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Vladimir Nabokov and Translation: A Transatlantic Symposium

October 27 @ 9:00 am - 6:00 pm

Standing at the crossroads of five languages and a matching number of literary traditions (English, French, German, Italian, and Russian), Vladimir Nabokov experienced translation on a level unattainable to the majority of his predecessors, presaging and influencing our modern understanding of the indispensability of linguistic and cultural interconnection.

Nabokov’s entered literature as a translator. He claimed to have retold Mayne Reid’s The Headless Horseman in French alexandrine at eleven, while his adaptation of Romain Rolland’s Colas Breugnon became the most exacting rite of passage of his career in letters. Yet while the controversy stirred by his rendition of Aleksandr Pushkin’s Eugene Onegin and the methodology of “literalism” he applied therein forever changed the way we conceive of translation today, the totality of his work in translation remains the least appreciated and understood area of Nabokov’s creative enterprise.

To address this omission, Drs. Julie Loison-Charles (University of Lille, France) and Stanislav Shvabrin (UNC – Chapel Hill) are jointly organizing a two-part transatlantic symposium (in Lille and Chapel Hill) dedicated to exploring Nabokov’s legacy as translator and translation theorist.

The symposium is co-sponsored by the UNC Institute for the Arts and Humanities, UNC Center for Slavic, East European, and Eurasian Studies, Department of Germanic and Slavic Languages and Literatures, and Chercheurs Enchantés: Société Française Vladimir Nabokov.

Symposium languages are English and French. All events are open to the public. Please contact Dr. Stanislav Shvabrin with any questions about the program.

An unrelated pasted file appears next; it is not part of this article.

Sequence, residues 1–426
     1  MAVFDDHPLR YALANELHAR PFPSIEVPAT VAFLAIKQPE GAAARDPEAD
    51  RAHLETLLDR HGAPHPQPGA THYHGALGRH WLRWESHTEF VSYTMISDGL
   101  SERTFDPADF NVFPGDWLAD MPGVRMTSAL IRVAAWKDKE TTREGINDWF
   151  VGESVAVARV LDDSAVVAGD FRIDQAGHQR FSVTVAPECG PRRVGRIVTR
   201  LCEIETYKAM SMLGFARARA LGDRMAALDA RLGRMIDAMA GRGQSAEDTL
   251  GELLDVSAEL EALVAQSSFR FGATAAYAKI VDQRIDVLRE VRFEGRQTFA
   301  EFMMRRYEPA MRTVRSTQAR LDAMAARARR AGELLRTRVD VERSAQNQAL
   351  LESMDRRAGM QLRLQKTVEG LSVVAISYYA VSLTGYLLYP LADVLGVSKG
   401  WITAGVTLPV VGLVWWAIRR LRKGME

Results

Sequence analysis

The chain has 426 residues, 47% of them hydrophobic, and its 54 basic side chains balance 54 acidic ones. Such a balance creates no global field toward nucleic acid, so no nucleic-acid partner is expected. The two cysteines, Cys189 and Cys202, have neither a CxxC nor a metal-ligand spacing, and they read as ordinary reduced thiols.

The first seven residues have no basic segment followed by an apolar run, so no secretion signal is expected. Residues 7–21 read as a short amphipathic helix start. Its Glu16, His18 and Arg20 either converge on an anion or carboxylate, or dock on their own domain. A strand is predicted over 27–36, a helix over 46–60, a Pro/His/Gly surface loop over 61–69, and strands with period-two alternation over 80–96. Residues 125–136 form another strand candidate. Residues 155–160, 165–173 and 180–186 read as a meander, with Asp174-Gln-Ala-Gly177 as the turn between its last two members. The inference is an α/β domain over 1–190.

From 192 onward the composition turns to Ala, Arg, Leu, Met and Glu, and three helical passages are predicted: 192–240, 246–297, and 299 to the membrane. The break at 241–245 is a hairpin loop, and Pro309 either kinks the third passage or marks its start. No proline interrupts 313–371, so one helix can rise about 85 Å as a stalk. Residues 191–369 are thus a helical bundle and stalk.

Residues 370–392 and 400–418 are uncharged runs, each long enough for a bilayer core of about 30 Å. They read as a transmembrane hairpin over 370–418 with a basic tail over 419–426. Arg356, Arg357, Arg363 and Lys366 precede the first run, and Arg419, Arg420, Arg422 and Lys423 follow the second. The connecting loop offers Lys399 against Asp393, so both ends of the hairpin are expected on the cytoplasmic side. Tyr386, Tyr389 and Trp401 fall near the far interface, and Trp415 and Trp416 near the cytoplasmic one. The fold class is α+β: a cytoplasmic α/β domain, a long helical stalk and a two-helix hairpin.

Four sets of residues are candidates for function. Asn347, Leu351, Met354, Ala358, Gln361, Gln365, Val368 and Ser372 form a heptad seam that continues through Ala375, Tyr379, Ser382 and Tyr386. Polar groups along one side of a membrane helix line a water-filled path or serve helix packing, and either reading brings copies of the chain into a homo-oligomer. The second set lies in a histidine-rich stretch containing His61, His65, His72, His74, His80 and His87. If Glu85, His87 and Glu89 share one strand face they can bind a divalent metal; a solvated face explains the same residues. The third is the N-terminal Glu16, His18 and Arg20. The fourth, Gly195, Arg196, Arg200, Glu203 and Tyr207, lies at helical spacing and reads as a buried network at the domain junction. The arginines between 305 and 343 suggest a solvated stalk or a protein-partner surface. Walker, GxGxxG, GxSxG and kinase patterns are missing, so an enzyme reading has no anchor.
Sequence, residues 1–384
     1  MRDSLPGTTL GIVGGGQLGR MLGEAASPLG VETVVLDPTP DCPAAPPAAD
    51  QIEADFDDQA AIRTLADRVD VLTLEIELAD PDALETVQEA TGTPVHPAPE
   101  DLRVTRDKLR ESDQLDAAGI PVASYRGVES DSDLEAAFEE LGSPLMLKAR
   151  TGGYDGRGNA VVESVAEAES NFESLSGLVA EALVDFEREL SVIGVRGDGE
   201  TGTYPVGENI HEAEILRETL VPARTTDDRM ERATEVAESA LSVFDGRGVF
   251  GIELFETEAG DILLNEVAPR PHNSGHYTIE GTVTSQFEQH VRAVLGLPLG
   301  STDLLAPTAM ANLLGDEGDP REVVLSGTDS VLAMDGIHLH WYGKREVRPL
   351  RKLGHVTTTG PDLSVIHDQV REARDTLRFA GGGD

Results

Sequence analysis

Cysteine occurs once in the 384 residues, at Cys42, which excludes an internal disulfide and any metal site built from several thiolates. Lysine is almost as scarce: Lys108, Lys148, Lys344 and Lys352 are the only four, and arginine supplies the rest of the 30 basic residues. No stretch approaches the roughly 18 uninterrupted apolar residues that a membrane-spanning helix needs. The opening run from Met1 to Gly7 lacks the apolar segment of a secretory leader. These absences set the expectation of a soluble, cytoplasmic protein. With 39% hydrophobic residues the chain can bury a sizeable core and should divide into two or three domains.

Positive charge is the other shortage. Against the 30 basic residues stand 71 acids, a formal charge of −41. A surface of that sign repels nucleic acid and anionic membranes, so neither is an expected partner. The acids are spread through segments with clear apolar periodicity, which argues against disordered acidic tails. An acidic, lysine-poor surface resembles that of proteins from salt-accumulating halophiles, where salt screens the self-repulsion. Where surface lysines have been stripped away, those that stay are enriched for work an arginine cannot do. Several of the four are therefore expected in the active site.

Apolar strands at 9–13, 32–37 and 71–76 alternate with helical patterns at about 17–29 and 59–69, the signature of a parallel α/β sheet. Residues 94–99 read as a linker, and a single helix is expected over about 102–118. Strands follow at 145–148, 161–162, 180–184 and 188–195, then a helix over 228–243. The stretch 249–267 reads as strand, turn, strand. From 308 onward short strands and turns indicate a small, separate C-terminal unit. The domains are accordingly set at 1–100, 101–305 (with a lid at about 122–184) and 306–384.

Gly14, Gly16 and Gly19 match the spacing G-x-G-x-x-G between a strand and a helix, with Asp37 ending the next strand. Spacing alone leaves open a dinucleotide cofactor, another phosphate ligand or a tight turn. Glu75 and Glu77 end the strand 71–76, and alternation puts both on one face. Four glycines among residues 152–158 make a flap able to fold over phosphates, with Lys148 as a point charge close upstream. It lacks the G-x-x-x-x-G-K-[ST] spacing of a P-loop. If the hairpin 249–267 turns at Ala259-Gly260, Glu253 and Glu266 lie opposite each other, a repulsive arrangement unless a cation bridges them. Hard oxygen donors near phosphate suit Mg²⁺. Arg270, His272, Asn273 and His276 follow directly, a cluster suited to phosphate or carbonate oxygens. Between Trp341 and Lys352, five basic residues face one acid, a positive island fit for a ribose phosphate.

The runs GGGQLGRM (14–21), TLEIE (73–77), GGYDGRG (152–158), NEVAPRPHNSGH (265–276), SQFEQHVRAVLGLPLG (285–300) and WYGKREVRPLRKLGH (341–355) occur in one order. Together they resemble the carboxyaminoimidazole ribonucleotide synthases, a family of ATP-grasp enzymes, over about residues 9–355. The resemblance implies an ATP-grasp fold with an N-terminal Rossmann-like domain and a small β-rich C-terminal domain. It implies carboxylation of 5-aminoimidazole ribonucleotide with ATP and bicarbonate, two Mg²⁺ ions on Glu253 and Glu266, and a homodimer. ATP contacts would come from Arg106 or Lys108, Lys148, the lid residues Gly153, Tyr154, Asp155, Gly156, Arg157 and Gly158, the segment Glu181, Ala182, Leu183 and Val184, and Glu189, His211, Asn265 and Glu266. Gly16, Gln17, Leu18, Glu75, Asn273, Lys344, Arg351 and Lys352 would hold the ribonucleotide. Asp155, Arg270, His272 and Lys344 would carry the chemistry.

SYMPOSIUM PROGRAM

SATURDAY, OCTOBER 27

9:30-10:30 AM • Coffee, Registration, and Opening Remarks
Julie Loison-Charles and Stanislav Shvabrin

10:50 AM -12:20 PM PANEL I: BEYOND TRANSLATION
Chair: Stephen H. Blackwell (University of Tennessee-Knoxville)
Léopold REIGNER (Université de Rouen, France)
“On Marx’s Flaubert: Nabokov and the Art of Correction”
Paul Benedict GRANT (Memorial University, Canada)
“Howlers, Hobbes, Hubris—Nabokov’s Satirical Scholarship”
Julia TRUBIKHINA (Hunter College, CUNY)
“Translation and Performativity: Vladimir Nabokov’s Paratexts”

2:00-4:00 PM • PANEL II: TRANSLATION IN VLADIMIR NABOKOV’S OEUVRE
Chair: Carol Apollonio (Duke University)
Morgane ALLAIN-ROUSSEL (Société Française Vladimir Nabokov, France)
“Traduire le traducteur: de la représentation du traducteur embusqué dans son œuvre au style du traducteur, le cas Nabokov”
Sean DILEONARDI (UNC-Chapel Hill)
“‘Certain Elaborate Machines’: Nabokov’s Digital Contemporaries”
Tatyana GERSHKOVICH (Carnegie Mellon University)
“From Blind Intuition to Creative Compulsion: Aesthetic Transgressions in Camera Obscura and Laughter in the Dark
Corinne SCHEINER (Colorado College)
“Brute Scoundrels and Their Evil Translators: The Willful Reshapings of Kinbote and Conmal”

4:20-5:50 PM • PANEL III: NABOKOV AND THE (UN-)TRANSLATABLE
Chair: Irene Masing-Delić (UNC-Chapel Hill)
Sophie BERNARD-LÉGER (Université de la Sorbonne, France)
“‘As a book is translated into an exotic Idiom, so was I translated into the sun…’: de Fiodor traducteur à Fiodor traduit, ou les différents plans de la traduction dans Le Don
Julie LOISON-CHARLES (Université de Lille, France)
“Translating Nabokov’s multilingualism: a case study on Ada, chapter 38”
Susan Elizabeth SWEENEY (College of the Holy Cross) “Lost in Translation: Nabokov and the Ineffable”
 
SUNDAY, OCTOBER 28

9:20-11:20 AM • PANEL IV: SELF-TRANSLATION AND INTERSEMIOTIC TRANSLATION
Chair: Radislav Lapushin (UNC-Chapel Hill)
Stanislas GAUTHIER (Université Bordeaux-Montaigne, France)
“Adapting Nabokov in the German Seventies: A Few Details about Fassbinder’s Despair
Maria EMELIYANOVA (Università Ca’Foscari-Venezia, Italy)
“Nabokov’s Camera Obscura and Laughter in the Dark: Bilingual Text Translated for Cinema”
Péter TAMÁS (Eötvös Loránd University, Hungary)
“Adaptation as Expansion: Vladimir Nabokov’s Lolita: A Screenplay
Usha NEKKALAPUDI (Krishna University, India)
“Self-Translation and Multilinguistic Competence: A Comparative Study of Vladimir Nabokov and A.O. Vijayan”

11:20 AM – 12:00 PM • Concluding Remarks
 

Details

Date:
October 27
Time:
9:00 am - 6:00 pm
Event Categories:
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